Health and Wellness

Health and Wellness

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Lead Hazards Lead Hazards

Improving Environmental Health in Saint Louis County


 

Healthy Homes Lead Poisoning Prevention Program | What is a Healthy Home?

Lead Poisoning Prevention | Lead Protect Your Family

Lead Law - Saint Louis Area | Lead - EPA Pamphlets


 

Where lead is found

In general, the older your home, the more likely it has lead-based paint.


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  • Paint. Many homes built before 1978 have lead-based paint. The federal government banned lead-based paint from housing in 1978. Some states stopped its use even earlier. Lead can be found:

  • In homes in the city, country, or suburbs.
  • In apartments, single-family homes, and both private and public housing.
  • Inside and outside of the house.
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  • In soil around a home. Soil can pick up lead from exterior paint, or other sources such as past use of leaded gas in cars, and children playing in yards can ingest or inhale lead dust.

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  • Household dust. Dust can pick up lead from deteriorating lead-based paint or from soil tracked into a home.

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  • Drinking water. Your home might have plumbing with lead or lead solder. Call your local health department or water supplier to find out about testing your water. You cannot see, smell or taste lead, and boiling your water will not get rid of lead. If you think your plumbing might have lead in it:

  • Use only cold water for drinking and cooking.
  • Run water for 15 to 30 seconds before drinking it, especially if you have not used your water for a     few hours.
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  • The job. If you work with lead, you could bring it home on your hands or clothes. Shower and change clothes before coming home. Launder your work clothes separately from the rest of your family's clothes.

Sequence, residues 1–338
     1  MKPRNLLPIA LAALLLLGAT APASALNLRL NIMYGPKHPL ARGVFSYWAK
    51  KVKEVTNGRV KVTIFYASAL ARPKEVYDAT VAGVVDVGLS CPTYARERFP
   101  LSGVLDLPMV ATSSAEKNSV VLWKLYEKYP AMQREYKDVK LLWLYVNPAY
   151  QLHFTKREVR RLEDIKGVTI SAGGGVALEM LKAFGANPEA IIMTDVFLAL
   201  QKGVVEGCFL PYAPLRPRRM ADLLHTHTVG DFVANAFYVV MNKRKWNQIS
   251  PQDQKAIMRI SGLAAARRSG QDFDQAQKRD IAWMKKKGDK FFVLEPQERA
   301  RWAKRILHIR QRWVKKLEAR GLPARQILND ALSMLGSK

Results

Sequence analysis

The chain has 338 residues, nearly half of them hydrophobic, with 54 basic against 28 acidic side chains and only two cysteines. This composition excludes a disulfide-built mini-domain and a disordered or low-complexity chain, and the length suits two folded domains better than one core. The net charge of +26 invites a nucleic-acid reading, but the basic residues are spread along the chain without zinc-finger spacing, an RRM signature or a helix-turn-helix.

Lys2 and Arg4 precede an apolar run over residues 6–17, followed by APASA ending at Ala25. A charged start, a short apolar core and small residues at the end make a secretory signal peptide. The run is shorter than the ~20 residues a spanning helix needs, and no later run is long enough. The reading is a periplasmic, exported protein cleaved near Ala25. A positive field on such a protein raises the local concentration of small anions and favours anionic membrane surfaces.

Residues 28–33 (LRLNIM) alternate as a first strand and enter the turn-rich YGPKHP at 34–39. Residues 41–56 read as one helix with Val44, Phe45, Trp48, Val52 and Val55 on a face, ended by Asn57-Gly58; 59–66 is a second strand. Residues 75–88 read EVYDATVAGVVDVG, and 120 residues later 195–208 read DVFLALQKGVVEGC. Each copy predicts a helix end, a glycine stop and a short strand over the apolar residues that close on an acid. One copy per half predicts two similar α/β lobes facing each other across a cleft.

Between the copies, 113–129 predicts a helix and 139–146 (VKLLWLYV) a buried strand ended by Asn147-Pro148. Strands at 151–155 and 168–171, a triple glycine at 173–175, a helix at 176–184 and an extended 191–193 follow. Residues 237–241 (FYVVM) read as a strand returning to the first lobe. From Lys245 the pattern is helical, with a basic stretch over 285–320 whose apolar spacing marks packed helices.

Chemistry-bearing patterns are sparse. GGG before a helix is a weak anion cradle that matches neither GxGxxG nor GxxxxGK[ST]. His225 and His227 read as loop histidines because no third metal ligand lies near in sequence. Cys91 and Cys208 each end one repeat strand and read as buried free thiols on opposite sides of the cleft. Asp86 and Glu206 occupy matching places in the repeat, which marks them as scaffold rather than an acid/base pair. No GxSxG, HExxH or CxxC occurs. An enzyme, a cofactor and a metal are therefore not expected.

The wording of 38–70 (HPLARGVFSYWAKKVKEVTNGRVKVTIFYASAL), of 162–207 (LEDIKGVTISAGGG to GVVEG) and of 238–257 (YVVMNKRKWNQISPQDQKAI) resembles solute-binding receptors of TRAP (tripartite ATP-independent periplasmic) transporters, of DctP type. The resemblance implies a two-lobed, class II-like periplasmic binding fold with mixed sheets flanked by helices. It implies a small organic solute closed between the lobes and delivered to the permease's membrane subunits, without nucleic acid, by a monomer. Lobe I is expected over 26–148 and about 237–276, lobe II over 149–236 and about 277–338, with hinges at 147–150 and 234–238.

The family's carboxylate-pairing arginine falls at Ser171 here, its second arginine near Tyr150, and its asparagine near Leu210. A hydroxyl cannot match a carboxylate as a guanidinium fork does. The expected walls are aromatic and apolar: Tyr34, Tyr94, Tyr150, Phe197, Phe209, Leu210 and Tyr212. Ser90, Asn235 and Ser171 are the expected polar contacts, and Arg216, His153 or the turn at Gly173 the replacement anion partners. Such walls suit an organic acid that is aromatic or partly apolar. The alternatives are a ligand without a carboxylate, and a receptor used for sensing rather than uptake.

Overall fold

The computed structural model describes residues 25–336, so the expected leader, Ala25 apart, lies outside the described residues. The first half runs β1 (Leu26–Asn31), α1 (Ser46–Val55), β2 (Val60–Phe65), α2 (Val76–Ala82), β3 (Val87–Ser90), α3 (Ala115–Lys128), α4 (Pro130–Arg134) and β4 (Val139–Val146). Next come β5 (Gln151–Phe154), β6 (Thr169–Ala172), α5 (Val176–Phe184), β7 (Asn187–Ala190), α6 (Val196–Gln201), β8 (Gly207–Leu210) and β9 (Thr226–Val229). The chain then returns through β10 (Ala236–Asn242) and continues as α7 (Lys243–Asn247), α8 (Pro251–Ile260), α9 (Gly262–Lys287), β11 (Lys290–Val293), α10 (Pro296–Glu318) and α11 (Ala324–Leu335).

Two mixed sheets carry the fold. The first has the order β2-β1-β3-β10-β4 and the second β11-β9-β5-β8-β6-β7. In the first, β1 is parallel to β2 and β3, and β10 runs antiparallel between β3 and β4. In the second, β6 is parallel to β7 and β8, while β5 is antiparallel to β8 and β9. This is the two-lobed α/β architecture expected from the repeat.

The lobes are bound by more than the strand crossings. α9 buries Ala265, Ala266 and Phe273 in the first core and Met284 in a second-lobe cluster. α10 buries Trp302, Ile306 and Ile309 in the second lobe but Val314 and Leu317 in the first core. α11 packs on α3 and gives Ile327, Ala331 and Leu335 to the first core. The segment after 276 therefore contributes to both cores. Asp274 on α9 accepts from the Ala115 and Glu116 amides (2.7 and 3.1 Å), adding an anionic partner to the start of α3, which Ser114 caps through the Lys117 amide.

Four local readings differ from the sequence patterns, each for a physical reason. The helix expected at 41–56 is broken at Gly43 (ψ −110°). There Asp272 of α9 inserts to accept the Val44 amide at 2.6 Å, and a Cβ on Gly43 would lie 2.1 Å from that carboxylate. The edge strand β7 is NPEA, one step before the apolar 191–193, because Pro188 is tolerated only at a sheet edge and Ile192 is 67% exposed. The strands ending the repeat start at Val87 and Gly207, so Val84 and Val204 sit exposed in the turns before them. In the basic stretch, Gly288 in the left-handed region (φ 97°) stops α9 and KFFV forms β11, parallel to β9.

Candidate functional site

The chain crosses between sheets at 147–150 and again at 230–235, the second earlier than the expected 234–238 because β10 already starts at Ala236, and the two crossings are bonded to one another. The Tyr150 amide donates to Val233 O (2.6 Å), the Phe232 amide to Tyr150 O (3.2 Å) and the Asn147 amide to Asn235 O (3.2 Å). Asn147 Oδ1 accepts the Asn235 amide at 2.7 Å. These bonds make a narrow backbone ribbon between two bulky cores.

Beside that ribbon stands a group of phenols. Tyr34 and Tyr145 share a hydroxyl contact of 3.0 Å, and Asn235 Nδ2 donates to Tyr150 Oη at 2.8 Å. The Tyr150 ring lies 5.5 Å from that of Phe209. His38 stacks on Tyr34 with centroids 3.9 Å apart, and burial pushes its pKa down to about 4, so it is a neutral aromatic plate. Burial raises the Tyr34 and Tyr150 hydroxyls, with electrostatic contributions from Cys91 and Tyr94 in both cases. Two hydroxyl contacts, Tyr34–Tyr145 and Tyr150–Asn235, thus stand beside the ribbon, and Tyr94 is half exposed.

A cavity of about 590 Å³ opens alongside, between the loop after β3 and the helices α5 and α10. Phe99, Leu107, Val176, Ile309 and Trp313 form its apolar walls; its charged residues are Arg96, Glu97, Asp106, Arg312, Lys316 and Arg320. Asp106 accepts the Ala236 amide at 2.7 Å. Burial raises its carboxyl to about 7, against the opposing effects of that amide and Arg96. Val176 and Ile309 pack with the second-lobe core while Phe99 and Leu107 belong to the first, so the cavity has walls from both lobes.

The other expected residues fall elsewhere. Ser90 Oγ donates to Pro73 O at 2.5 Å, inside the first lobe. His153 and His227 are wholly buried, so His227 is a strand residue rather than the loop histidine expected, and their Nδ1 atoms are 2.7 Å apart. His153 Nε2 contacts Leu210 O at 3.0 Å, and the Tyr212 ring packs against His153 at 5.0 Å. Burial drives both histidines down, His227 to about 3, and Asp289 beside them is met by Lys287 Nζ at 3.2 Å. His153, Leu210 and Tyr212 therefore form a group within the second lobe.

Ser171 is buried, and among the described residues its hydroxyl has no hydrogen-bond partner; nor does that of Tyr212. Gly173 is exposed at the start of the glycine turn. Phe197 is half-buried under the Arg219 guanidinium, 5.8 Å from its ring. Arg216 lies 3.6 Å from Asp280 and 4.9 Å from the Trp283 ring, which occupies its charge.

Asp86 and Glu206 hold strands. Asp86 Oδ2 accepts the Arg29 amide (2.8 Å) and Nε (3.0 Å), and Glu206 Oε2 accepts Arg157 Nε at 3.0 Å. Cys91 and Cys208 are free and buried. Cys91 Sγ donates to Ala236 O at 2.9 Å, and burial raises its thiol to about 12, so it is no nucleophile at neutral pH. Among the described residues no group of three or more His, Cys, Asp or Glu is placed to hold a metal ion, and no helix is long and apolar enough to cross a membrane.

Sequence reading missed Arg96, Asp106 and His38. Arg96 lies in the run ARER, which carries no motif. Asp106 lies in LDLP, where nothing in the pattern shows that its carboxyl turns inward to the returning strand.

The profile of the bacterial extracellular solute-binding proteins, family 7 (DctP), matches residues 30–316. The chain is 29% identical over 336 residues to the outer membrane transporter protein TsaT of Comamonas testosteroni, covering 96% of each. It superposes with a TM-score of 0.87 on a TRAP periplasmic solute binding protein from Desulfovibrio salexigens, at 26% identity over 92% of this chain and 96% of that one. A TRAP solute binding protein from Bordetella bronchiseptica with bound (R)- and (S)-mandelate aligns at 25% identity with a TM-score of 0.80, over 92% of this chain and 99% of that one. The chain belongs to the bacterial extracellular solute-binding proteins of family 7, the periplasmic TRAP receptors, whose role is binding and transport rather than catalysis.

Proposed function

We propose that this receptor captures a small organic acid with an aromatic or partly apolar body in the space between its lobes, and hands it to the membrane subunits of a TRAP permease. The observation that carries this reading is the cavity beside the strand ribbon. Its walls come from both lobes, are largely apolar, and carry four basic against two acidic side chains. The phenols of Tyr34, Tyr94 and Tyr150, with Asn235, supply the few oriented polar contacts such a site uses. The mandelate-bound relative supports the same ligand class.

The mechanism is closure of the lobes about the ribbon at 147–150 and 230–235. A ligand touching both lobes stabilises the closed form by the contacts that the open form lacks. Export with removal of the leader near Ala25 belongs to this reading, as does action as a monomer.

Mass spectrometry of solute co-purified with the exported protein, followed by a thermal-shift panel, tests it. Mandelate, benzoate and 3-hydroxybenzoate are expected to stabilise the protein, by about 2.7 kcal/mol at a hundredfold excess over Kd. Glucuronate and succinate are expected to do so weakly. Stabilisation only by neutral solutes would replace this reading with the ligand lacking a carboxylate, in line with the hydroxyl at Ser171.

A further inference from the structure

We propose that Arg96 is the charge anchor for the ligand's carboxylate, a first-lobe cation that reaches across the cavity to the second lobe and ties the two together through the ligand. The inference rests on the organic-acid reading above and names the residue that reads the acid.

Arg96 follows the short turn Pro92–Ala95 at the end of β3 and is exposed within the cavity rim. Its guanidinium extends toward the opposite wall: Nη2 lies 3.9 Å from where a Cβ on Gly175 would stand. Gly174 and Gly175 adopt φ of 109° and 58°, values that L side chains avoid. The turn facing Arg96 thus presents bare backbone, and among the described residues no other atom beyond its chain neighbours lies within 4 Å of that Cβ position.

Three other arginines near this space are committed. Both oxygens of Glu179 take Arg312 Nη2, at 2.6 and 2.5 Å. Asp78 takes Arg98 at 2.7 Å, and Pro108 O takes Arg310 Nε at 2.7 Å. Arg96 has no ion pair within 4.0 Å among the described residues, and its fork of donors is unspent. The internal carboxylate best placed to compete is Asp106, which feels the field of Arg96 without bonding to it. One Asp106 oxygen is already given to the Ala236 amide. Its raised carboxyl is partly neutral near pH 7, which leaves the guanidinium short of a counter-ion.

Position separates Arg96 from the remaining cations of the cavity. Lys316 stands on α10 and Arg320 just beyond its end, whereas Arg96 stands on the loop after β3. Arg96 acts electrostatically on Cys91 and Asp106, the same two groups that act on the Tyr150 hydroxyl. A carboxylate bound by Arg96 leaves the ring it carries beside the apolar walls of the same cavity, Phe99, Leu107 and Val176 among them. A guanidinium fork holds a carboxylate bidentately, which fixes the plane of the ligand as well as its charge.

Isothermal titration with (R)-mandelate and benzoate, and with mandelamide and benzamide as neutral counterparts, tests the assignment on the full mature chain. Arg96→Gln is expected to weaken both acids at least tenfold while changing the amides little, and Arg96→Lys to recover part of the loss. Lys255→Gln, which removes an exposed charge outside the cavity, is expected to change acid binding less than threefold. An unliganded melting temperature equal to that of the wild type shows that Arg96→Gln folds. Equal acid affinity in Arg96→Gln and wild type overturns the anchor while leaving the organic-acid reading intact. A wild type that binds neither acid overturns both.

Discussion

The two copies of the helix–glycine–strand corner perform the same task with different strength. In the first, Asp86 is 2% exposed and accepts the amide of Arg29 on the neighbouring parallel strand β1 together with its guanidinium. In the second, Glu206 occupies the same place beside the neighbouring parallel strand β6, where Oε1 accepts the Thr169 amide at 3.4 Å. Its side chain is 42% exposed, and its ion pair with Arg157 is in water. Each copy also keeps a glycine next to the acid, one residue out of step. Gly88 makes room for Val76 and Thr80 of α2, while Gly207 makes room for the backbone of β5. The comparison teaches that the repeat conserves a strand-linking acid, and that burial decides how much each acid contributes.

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  • Old painted toys and furniture.

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  • Food and liquids stored in lead crystal or lead-glazed pottery or porcelain. Food can become contaminated because lead can leach in from these containers.

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  • Lead smelters or other industries that release lead into the air.

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  • Hobbies that use lead, such as making pottery or stained glass, or refinishing furniture.

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  • Folk remedies that contain lead, such as "greta" and "azarcon" used to treat an upset stomach.


    Where lead is likely to be a hazard

    Lead from paint chips, which you can see, and lead dust, which you can't always see, can be serious hazards.


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  • Peeling, chipping, chalking, or cracking lead-based paint is a hazard and needs immediate attention.

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  • Lead-based paint may also be a hazard when found on surfaces that children can chew or that get a lot of wear-and-tear. These areas include:

  • Windows and window sills.
  • Doors and door frames.
  • Stairs, railings, and banisters.
  • Porches and fences.

  • Note: Lead-based paint that is in good condition is usually not a hazard.